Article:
Lensbaby’s optical engineers have done it again. After moving away from the toy camera replication type lenses into more complicatedly designed optics with lenses like the Sweet 35 and 50, Edge 50 and 80 and the Velvet 56, they’ve replicated the swirly vortex of the old Joseph Petzval designed optic from 174 years ago with this new Twist 60. Don’t dismiss this lens as pure kitsch, as it is remarkably sharp where you’d want it for a portrait lens (middle frame) and while, wide open you’ll see some pretty severe vignetting to go along with the twirly bokeh, this adds to its charm and vintage qualities. Portrait painters of yesteryear used many different brushes to create their renditions, and this can certainly be seen as a wonderfully specialized brush for the portrait photographer, along with those looking to add some fun to shots of any kind.
While perhaps not an effect to suit everyone’s taste, it is one that has found a place for certain portrait and fine art photographers looking to add in camera effects to visibly differentiate their look. With other companies seeing the value in chasing this corner of the market with lenses like the Kickstarter Petzval clone and the Trioplan Soap bokeh lenses that are looking to be launched on the market, it’s obvious that there is some demand for these newer versions of throwback optical designs. The question though, is how much are photographers looking for these optical effects willing to pay?
Priced at a very modest $280 for the Twist 60 Lens (optic and non-tilting metal lens body housing) available in Canon EF, Nikon F and Sony E mount, or $180 for the optic solely, the Twist 60 is certainly worth a look. You can find it at Adorama HERE, B&H HERE or directly through Lensbaby HERE.
C’mon in for more example shots, some technical mumbo jumbo and my thoughts on this lens…
For those new to the world of Lensbaby, they are a company, based in Portland, Oregon who design and manufacture specialized lenses for use within their optic swap system. The company started off focused on toy camera like results which were able to be tilted to create selective focus within your frame.
They’ve since continued to engineer and produce a wide variety of optics from a circular fisheye, to a soft focus lens in the Velvet 56 as well as very solid optical performers with the ability to adjust the selective focus in either an orbital plane with the sweet 35 and 50 lenses, or a linear, flat plane in the Edge 50 and 80 optics. The Edge lenses can be of particular usefulness when looking at incorporating their macro ring extenders which enable a macro shooter to adjust the plane of focus in a linear slice by way of tilting the lenses, providing the ability to utilize larger apertures, and resulting faster shutter speeds when capturing macro subjects that may be of the living, breathing variety which can be very handy in my experience. Based on different lenses on offer, Lensbaby also offers different fixed, and pivoting lens housings. To use the Lensbaby system, one would need a lens housing like the Composer Pro, and then an optic, or optics of their choice. For the Twist 60, it’s suggested to be used (and is sold) with the metal fixed lens housing as opposed to one of the ball and socket, tilting housings. That said, I did test this lens with my Composer Pro (tilt) housing, and aside from hard vignetting when tilted too far, it worked well. I’d suggest locking the Twist 60 in a fairly centered position if using it on a tilt lens housing though.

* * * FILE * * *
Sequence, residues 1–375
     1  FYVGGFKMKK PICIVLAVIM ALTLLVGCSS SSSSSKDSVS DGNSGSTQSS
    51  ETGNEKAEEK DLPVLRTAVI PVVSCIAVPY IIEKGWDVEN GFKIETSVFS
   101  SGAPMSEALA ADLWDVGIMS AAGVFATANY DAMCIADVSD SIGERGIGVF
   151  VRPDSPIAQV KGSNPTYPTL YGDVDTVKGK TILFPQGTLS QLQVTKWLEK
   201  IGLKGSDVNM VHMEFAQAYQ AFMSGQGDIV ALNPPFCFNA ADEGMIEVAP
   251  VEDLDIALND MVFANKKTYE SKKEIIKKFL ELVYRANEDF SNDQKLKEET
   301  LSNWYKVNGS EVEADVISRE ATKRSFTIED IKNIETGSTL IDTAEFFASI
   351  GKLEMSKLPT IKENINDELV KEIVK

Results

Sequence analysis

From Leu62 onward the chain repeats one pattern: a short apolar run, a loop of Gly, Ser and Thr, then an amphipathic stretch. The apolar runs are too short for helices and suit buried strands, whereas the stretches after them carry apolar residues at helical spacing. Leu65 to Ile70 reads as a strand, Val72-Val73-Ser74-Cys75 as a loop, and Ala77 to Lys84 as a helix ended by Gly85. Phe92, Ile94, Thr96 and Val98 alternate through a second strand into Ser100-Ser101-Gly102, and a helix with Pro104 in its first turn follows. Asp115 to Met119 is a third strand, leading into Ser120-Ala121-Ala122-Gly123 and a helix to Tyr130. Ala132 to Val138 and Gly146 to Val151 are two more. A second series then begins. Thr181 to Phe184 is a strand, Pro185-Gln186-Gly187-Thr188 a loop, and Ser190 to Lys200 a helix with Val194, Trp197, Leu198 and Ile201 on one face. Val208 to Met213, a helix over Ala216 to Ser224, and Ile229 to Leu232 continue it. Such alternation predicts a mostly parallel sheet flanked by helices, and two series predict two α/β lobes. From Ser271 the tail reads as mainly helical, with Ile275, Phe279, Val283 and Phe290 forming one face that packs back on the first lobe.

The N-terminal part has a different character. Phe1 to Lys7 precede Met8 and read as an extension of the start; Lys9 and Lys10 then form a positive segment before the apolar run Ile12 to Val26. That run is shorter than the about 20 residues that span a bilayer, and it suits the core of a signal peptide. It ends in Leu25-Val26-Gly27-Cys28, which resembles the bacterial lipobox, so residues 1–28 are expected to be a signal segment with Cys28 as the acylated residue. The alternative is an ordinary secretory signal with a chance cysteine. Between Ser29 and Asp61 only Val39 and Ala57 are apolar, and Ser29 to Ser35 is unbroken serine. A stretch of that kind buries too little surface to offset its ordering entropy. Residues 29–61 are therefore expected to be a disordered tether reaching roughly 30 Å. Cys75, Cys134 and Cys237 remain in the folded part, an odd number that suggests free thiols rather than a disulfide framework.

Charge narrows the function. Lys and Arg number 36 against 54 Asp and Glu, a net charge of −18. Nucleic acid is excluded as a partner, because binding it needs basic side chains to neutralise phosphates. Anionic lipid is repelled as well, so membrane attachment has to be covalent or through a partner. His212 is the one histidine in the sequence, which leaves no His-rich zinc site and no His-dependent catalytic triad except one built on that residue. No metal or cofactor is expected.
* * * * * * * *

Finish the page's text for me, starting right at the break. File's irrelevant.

The Twist 60, as the name suggests, is a Full Frame 60mm f/2.5 lens that has been engineered and designed to replicate the swirly out of focus characteristics from the old (1840!) lens design of the aforementioned Petzval optic, most noticeable when the lens is focused on close subjects which are relatively distant from background elements (see: bokeh).
- The lens has 4 elements, in 3 groups.
- A rounded, 12 blade aperture
- Minimum focusing distance of 18″
While there are many who like to discredit this type of lens, stating “X lens can achieve this for less”, or “I can do this in post,” may not quite get what is on offer. Firstly, this lens is very sharp in the center wide open, and when stopped down (or when shot on a congruous background), this ‘effect’ disappears almost entirely providing a very sharp, reasonably inexpensive alternative, capable of competing with much pricier options in this focal range.